On July 16, the SEC approved FINRA Rule 2241, which modifies and clarifies existing rules related to research analysts, and FINRA Rule 2242, a new rule which addresses conflicts of interest relating to the publication and distribution of debt research reports. Rule 2241 retains the core provisions of current rules, broadens the obligations on members to manage research-related conflicts of interest, provides flexibility in compliance and extends protections where gaps have been identified. Rule 2242 creates a tiered approach that is intended to provide retail debt research recipients with extensive protections similar to those provided to recipients of equity research under current FINRA rules, with modifications to reflect differences in the trading of debt securities. Members would be permitted under the tiered approach in Rule 2242 to provide debt research meeting less stringent standards to institutional investors who opt out of the standards for debt research to retail investors.
Goodwin’s Financial Institutions Group issued a client alert, written by partner Bill Stern, on last week’s Volcker Rule FAQ that was issued to address investment fund seeding periods. The guidance issued by the staffs of the Federal Reserve Board, the Office of the Comptroller of the Currency, the Federal Deposit Insurance Corporation, the Securities and Exchange Commission and the Commodity Futures Trading Commission will allow banking entities to provide seed capital to mutual funds, business development companies and foreign public funds for a seeding period, generally of up to three years.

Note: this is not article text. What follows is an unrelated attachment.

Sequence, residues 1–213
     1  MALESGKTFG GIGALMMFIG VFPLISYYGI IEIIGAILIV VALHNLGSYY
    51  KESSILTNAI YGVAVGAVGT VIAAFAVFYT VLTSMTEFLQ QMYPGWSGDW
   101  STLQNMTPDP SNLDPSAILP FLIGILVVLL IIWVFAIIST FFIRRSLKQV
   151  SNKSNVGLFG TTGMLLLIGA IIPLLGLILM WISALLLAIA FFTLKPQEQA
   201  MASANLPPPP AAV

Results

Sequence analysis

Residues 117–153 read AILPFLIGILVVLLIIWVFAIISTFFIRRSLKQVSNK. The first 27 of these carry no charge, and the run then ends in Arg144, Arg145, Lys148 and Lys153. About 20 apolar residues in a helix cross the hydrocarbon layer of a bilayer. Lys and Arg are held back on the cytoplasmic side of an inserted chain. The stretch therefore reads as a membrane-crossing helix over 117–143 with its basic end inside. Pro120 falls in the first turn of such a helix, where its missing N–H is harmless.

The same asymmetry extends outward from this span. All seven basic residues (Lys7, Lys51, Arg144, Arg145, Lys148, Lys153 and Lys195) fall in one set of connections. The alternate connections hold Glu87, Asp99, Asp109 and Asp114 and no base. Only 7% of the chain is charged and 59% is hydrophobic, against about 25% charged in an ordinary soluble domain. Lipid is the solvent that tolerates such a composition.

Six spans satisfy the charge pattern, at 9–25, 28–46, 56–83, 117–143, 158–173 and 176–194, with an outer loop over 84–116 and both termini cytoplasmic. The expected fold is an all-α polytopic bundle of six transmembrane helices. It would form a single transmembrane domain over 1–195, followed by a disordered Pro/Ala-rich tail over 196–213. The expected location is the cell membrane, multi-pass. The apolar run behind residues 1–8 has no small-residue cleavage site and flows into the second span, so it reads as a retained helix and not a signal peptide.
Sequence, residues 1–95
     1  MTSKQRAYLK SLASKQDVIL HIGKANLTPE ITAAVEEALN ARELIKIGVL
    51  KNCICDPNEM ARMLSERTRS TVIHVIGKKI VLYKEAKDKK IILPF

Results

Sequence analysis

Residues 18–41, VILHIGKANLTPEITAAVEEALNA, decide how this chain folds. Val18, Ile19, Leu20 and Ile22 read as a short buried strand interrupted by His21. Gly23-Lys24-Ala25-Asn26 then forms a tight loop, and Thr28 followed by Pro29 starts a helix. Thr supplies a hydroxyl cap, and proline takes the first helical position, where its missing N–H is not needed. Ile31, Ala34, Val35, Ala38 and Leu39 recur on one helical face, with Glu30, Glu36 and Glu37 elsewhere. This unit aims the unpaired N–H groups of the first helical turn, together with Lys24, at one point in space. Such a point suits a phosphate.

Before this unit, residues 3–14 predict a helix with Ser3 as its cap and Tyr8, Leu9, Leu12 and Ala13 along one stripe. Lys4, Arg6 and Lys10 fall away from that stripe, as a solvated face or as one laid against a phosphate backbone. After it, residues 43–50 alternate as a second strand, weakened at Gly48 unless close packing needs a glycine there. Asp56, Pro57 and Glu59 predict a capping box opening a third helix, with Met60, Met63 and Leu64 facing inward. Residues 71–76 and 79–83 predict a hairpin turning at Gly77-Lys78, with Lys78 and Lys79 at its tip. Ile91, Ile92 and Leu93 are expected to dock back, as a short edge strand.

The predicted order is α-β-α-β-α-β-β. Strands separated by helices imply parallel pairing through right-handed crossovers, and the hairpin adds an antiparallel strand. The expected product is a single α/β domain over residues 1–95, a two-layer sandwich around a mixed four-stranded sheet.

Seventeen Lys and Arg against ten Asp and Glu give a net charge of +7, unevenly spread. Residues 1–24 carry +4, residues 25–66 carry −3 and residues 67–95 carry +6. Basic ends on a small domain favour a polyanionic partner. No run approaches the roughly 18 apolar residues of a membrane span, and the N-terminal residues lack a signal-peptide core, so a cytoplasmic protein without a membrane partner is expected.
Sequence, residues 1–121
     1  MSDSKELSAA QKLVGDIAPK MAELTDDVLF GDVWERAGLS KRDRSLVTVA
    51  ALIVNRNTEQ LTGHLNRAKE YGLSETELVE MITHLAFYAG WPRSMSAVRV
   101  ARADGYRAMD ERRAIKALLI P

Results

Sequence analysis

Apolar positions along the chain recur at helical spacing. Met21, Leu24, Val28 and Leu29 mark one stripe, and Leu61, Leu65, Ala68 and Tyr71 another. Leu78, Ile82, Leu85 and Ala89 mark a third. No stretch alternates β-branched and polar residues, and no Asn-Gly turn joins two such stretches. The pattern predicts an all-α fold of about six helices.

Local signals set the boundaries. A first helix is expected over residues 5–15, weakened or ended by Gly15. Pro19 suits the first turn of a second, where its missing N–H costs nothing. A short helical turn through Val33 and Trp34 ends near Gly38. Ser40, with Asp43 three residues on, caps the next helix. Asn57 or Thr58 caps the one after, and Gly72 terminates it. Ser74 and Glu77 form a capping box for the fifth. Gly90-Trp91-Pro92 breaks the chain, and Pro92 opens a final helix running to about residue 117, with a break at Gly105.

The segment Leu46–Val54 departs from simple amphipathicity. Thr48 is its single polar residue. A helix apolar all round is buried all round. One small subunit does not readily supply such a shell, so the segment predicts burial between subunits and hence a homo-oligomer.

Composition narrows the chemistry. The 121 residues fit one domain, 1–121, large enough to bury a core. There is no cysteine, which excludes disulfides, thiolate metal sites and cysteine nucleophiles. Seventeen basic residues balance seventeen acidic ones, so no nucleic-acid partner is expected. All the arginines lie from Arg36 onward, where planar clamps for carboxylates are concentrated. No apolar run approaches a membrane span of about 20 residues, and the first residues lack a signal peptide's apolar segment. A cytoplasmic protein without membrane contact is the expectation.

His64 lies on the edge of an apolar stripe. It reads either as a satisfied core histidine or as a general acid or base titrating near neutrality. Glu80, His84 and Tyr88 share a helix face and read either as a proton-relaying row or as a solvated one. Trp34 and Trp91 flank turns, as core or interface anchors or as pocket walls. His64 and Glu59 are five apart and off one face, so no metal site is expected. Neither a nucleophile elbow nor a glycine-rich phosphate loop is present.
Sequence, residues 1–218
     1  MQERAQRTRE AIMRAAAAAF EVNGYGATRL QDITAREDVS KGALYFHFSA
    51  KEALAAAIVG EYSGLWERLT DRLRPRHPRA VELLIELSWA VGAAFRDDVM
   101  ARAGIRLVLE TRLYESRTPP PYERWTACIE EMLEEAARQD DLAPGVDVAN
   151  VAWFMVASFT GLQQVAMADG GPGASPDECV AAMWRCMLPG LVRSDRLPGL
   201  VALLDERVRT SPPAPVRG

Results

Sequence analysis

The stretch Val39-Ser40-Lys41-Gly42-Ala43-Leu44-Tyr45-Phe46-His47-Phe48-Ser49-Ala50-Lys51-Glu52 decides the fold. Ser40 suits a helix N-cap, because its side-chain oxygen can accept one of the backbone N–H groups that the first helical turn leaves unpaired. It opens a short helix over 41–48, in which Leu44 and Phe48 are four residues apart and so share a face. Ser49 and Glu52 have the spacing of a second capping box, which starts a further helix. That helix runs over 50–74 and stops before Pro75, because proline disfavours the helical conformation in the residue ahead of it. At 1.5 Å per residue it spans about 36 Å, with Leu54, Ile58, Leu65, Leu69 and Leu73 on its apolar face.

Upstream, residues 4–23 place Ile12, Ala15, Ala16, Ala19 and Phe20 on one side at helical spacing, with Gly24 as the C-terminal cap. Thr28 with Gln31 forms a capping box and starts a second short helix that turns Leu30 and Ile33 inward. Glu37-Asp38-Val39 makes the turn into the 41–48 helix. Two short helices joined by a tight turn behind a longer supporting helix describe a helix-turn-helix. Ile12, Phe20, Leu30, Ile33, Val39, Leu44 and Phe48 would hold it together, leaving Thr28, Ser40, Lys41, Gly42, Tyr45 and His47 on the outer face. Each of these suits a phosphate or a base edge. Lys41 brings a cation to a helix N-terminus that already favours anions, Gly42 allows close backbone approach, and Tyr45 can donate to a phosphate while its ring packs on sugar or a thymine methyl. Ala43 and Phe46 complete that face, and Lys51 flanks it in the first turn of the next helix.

Enforcement & Litigation
Today the Consumer Financial Protection Bureau (CFPB) announced that it had taken action against Discover Bank and its affiliates for illegal private student loan servicing practices. The CFPB found that Discover overstated the minimum amounts due on billing statements and denied consumers information they needed to obtain federal income tax benefits. The CFPB also found the company had engaged in what the CFPB stated were illegal debt collection tactics, including calling consumers early in the morning and late at night. The CFPB’s order requires Discover to refund $16 million to consumers, pay a $2.5 million penalty, and improve its billing, student loan interest reporting, and collection practices.
On July 23 from noon to 1 p.m. EDT, Goodwin Procter partners Jamie Fleckner and Scott Webster will host a complimentary webinar discussion on the Ninth Circuit's Tibble v. Edison, Int'l decision, highlighted in our quarterly newsletter, ERISA Litigation Update. They will analyze the implications of that ruling for ERISA litigation and fiduciary decision-making. To register for the webinar please click here.